Mohawk (novel)

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First edition cover with quote by John Irving
Author Richard Russo
Country United States
Language English
Publisher Vintage Books
Publication date
Media type Print (hardback & paperback)
Pages 418 pp
ISBN 0-394-74409-8
OCLC 46946938
813/.54 21
LC Class PS3568.U812 M6 2001

Published in 1986, Mohawk is the debut novel by American author Richard Russo - who went on to win a Pulitzer Prize.

Plot introduction[edit]

Set in Mohawk, an upstate New York mill town in decline along with its leather tanning industry. The novel is centered on the Mohawk Grill, a diner run by Harry Saunders and charts the lives two intersecting families, the Grouses and the Gaffneys. Anne Grouse is the 40-year-old daughter of Mather Grouse and lives with her parents and son Randall after her divorce from Dallas Younger her high-school sweetheart, a good-hearted but unreliable auto-mechanic. Anne is in love with her cousin Diana's husband Dan who is paralysed after a car accident. The relationship between Mather and fellow leather-worker Rory Gaffney provides suspense to the story and Randall befriends Rory's mentally disabled son Bill, who is in love with Mather's daughter Anne. Following Mather's death, Randall returns to Mohawk having dropped out of college to avoid the draft and meets Rory's granddaughter B.G who falls in love with him. The story climaxes with Randall being accused of murder as three Gaffneys lay dead.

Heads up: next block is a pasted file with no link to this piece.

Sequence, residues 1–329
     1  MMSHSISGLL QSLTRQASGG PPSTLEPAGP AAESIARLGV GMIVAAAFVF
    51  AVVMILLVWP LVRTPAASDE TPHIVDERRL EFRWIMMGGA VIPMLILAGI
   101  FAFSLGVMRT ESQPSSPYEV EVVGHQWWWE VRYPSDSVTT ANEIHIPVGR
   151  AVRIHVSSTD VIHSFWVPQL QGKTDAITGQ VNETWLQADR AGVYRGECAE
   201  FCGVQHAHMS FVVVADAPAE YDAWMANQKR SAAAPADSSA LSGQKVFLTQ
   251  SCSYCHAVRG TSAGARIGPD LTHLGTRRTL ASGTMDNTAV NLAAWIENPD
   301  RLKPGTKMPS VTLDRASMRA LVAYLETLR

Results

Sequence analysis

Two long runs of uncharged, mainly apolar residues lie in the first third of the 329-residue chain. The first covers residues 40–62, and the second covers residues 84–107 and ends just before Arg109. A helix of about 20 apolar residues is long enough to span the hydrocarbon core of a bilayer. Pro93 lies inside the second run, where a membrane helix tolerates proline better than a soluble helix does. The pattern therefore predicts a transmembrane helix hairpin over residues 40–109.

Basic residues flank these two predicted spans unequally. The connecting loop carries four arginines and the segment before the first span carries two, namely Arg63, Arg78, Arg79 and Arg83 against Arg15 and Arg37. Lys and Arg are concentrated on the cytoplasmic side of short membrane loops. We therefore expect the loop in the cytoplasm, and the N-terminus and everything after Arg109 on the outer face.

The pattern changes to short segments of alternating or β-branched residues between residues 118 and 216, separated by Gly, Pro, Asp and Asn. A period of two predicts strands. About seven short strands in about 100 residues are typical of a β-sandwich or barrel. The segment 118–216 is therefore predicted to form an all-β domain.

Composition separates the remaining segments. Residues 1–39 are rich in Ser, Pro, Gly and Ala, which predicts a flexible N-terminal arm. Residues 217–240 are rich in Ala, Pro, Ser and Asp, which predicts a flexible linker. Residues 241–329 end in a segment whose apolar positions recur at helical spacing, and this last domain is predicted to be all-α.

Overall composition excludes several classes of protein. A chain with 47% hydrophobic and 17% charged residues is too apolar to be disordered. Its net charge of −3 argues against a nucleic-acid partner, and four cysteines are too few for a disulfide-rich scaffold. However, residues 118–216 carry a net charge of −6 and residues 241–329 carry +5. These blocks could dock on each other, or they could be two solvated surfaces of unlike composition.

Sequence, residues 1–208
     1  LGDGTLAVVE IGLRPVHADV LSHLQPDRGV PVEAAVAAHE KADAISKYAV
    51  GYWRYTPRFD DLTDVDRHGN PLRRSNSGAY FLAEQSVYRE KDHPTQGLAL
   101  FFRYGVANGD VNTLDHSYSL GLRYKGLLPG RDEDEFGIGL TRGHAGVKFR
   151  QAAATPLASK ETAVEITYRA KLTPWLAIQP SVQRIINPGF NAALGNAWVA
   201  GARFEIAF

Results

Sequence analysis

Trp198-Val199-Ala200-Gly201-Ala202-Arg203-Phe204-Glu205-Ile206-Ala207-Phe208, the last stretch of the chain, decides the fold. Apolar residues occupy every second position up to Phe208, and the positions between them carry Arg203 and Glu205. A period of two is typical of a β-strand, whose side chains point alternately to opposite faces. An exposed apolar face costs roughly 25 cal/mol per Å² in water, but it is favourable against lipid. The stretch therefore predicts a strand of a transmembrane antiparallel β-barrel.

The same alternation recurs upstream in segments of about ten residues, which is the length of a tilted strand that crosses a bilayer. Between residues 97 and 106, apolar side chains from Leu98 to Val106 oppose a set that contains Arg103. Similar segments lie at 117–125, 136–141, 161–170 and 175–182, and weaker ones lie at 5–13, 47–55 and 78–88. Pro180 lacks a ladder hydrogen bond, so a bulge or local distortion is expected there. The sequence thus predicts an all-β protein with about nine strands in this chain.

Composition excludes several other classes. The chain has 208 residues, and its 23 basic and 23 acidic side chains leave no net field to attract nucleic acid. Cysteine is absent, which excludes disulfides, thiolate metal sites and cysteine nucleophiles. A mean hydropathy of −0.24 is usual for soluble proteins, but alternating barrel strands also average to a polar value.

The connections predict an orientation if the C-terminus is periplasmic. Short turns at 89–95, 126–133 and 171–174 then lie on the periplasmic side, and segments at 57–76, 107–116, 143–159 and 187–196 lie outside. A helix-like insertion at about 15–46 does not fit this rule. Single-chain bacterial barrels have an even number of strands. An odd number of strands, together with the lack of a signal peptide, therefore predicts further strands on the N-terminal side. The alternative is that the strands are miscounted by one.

• Greg Johnson in The New York Times writes, "Despite its byzantine plot, the novel delineates good and evil along simplistic lines. . . . There's an attractive, small-town coziness to much of the story, though . . . The writing, moreover, is brisk, colorful and often witty. These qualities and the impressive scope of the novel bode well for Richard Russo's future, , but the initially strong sympathy he evokes for his characters is gradually lost in the complex windings of plot and structure."[1]
  • Kirkus reviews concludes "Workmanlike writing for lovers of the well-atmosphered small-town saga with not a cliche unturned. For those idle hours between daytime soaps."[2]


  1. ^ 'In Short: Fiction', New York Times, Oct 12 1986 Retrieved 2015-09-20,
  2. ^ Soapy first novel Retrieved 2015-09-20.